Research from IT company CA found that three-quarters of innovation projects are signed off without anyone putting in a call to the IT department. And if you’re wondering why on earth your CEO should be asking his techies how to run the company, the answer is simple – in many cases, they’ll be the ones who’ll end up making sure these projects actually happen.
It’s not that IT is complaining about a lack of budget per se, you understand. In fact, given that last year’s average investment of £82m is expected to increase by 5% in each of the next two years, there’s no shortage of funds. However, the black T-shirt brigade is complaining that the money isn’t being well-spent – because they’re not being kept in the loop on strategic objectives. The result is that 55% of new business applications and 56% of new business processes are not getting the right IT infrastructure - whereas if they’d got the call a bit earlier, they could have worked it all out in advance.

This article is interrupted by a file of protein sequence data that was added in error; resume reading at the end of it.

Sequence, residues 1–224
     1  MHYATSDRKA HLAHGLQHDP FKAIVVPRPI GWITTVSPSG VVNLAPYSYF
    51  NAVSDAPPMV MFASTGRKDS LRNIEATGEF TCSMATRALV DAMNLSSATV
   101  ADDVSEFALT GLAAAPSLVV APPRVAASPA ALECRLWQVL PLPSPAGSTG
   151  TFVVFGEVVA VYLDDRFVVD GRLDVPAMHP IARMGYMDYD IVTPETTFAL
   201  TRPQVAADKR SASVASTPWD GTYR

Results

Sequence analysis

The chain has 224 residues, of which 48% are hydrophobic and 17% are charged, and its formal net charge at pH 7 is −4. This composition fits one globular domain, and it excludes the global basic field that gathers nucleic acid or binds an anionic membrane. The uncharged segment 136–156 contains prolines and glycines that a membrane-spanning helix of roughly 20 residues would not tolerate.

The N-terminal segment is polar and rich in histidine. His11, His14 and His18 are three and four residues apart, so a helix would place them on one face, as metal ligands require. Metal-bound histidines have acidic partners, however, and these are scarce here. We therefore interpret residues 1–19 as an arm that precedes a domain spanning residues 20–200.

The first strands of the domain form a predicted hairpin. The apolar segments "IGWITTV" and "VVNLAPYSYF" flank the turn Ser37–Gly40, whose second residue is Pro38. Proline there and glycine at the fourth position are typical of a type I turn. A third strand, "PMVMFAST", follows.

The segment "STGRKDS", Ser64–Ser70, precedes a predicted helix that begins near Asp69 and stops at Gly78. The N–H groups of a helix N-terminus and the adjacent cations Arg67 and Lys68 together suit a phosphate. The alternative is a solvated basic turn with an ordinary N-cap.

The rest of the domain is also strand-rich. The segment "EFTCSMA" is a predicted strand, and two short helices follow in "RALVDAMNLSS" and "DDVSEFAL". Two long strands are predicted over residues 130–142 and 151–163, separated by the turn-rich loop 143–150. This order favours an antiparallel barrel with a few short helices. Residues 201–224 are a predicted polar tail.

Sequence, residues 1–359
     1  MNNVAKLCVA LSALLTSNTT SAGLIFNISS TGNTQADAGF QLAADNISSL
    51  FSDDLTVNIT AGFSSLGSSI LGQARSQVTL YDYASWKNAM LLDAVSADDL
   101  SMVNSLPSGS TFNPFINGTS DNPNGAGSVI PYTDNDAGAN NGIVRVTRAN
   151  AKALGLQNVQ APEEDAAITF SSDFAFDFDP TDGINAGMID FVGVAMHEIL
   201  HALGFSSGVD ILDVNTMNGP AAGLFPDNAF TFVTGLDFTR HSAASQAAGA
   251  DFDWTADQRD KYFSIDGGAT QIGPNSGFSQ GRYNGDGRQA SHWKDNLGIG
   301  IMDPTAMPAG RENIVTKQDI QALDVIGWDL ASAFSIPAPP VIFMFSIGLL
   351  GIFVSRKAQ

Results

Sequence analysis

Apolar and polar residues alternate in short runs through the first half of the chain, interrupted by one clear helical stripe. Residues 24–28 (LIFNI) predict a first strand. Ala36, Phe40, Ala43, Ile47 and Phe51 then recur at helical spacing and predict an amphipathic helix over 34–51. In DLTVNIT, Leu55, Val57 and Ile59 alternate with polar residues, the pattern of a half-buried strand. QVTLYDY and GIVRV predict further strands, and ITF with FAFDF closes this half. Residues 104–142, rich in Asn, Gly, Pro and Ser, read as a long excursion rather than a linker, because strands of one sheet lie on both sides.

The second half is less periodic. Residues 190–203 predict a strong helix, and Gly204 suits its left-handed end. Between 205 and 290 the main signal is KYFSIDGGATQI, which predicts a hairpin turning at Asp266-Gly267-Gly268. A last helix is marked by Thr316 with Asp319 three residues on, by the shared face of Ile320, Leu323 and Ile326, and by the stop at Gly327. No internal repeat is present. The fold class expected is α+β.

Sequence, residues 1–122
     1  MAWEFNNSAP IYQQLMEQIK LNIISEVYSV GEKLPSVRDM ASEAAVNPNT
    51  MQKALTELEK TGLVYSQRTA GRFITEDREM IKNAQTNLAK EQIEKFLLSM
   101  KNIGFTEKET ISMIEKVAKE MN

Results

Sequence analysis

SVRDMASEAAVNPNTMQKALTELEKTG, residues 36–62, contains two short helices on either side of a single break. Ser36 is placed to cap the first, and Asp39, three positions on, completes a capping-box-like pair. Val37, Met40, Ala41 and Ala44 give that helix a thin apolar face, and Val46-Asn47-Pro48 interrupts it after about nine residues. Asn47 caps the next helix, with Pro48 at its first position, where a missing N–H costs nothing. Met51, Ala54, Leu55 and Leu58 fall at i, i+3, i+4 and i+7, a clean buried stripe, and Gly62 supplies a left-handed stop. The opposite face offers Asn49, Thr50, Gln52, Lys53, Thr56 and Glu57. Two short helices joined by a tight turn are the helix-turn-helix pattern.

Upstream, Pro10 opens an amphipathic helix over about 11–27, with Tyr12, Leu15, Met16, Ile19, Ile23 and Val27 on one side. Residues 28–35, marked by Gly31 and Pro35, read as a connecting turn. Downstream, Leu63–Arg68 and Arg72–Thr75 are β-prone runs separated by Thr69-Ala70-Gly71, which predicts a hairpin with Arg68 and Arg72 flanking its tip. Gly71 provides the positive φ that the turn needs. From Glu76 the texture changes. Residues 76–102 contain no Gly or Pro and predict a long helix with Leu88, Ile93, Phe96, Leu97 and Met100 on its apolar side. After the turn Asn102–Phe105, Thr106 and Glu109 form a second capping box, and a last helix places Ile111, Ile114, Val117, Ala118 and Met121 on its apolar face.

And of course, we’re not just talking about a few hurt feelings at risk here. For one thing, lack of proper IT infrastructure can scupper your all-singing, all-dancing innovation projects, by making them not only more expensive but also slower to deliver. But what’s worse, it can also create problems right across the business in terms of storage space, access speeds and data security. If your system suddenly starts trying to run a swanky new application, it might not have any processing power left to manage all of the old stuff.
According to CA’s Chris Miller, businesses are now divided into two categories: the wise builder, who constructs their projects on solid IT foundations, and the foolish builder, who doesn’t. ‘To be a wise builder, the business needs to let IT into the decision making process, rather than simply burdening it with the oft-underestimated end result,’ he said (somewhat poetically).
While we understand that it might not occur to top business leaders to ask IT before launching their latest brainwave, the fact remains that you can’t take a strategic decision any more without it having some kind of IT implication. And we’re all so reliant on our IT systems these days – witness the mass panic if your office internet connection ever goes down for more than ten minutes – that upheaval can turn out to be more trouble than it’s worth. So maybe it’s worth getting that hotline installed from the corner office to the basement...